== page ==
• St. Vincent de Paul, St. Columba Church, Oakland, $900

• St. Vincent de Paul, St. Felicitas Church, San Leandro, $500

• St. Vincent de Paul, St. Jerome Church, El Cerrito, $700

• St. Vincent de Paul, St. Joachim Church, Hayward, $700

• St. Vincent de Paul, St. Joseph Church, Fremont, $500

• St. Vincent de Paul, St. Mark Church, Richmond, $900

• Sister John Marie's Pantry, Fremont, $500

• Sister Rose Carroll's Ministry for the Poor and Homeless, Concord, Oakland, $650

• Tri-Valley Haven Food Pantry, Livermore, $500

The annual offerings, collected during Lent, are shared, with 75 percent going to overseas projects of the Catholic Relief Services, and 25 percent staying behind in the diocese to help those who feed the hungry.

Food pantries, providers of hot meals, growers of community gardens and those who provide a hand with rent and utility bills were among the 2014 recipients, which included 13 parish-based St. Vincent de Paul conferences.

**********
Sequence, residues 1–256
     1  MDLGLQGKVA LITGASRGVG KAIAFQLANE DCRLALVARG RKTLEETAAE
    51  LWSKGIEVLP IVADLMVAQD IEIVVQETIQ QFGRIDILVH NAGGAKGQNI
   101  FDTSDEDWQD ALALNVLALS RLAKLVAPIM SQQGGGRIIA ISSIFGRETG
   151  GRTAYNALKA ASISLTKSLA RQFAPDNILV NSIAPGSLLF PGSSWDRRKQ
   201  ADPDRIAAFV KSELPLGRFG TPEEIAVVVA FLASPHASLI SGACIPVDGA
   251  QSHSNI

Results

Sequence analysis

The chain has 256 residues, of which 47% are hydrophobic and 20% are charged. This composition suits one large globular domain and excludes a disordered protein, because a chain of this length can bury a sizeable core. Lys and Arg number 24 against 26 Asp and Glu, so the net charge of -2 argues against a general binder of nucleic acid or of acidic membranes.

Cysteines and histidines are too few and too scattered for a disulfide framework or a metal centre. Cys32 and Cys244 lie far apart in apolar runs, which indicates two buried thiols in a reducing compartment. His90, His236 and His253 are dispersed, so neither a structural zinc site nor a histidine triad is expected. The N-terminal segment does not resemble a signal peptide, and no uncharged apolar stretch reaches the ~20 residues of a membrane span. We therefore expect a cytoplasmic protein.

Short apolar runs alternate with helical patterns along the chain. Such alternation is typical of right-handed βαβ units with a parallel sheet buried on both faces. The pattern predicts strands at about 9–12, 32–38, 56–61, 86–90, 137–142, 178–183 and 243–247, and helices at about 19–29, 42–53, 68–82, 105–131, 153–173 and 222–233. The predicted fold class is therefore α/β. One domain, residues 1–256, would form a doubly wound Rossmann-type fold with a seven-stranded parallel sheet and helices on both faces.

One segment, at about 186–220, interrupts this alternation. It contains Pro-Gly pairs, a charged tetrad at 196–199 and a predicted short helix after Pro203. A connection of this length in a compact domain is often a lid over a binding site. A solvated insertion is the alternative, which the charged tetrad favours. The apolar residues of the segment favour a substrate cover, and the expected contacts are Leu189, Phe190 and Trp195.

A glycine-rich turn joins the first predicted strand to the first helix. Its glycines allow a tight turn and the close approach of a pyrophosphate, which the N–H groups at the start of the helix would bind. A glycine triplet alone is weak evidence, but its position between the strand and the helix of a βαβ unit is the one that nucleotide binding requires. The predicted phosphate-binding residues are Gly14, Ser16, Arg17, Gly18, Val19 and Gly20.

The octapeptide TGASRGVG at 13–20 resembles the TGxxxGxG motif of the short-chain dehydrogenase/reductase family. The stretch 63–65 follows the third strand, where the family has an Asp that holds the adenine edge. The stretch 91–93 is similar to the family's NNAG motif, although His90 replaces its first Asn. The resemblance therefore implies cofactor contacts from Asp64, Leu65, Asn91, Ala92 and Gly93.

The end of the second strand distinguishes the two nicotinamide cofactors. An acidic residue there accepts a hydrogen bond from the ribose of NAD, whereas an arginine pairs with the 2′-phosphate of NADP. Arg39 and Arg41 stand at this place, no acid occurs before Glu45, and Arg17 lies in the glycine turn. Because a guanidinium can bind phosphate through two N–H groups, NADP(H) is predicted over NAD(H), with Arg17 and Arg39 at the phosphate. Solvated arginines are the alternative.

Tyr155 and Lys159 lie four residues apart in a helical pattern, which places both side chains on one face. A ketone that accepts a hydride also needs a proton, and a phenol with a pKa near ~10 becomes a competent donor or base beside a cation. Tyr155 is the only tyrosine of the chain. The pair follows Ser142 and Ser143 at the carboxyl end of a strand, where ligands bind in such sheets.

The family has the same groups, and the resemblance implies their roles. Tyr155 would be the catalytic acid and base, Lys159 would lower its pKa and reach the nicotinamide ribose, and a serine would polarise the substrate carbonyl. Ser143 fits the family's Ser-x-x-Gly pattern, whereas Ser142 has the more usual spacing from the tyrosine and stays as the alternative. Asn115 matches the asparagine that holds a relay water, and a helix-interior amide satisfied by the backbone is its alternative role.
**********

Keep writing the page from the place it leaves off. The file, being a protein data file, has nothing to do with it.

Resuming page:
Grant checks ranged from $500 to $900 this year, with no applicant turned down, said Marc McKimmey, who is the diocesan coordinator for Catholic Relief Services.

The work of these organizations, many of them volunteer-driven, is desperately needed, he said. "Things seem to be getting worse for those on the bottom" despite news reports of economic recovery, McKimmey said.

Bishop Michael C. Barber, SJ, who offered the morning prayer, reflected that the groups represented at the tables in the parish hall at the Cathedral of Christ the Light were his right-hand workers.

"The Catholic Church is the largest charitable organization in the world, bringing relief and comfort aid to anyone in need, regardless of their religion, their race or their color," the bishop told the honorees. "Our church has over 1 billion members all around the world. We feed, clothe and shelter more people than other organizations in the world. I'm very proud that you are participating in this act of mercy in the church."

"You have been Christ's, and my, right arm in bringing love and mercy to the many in need, the poor and the sick and suffering of the Diocese of Oakland," he told the volunteers.

"Your actions speak of your great love for the mission of the Catholic Church, the mission of Christ, which is charity," he said.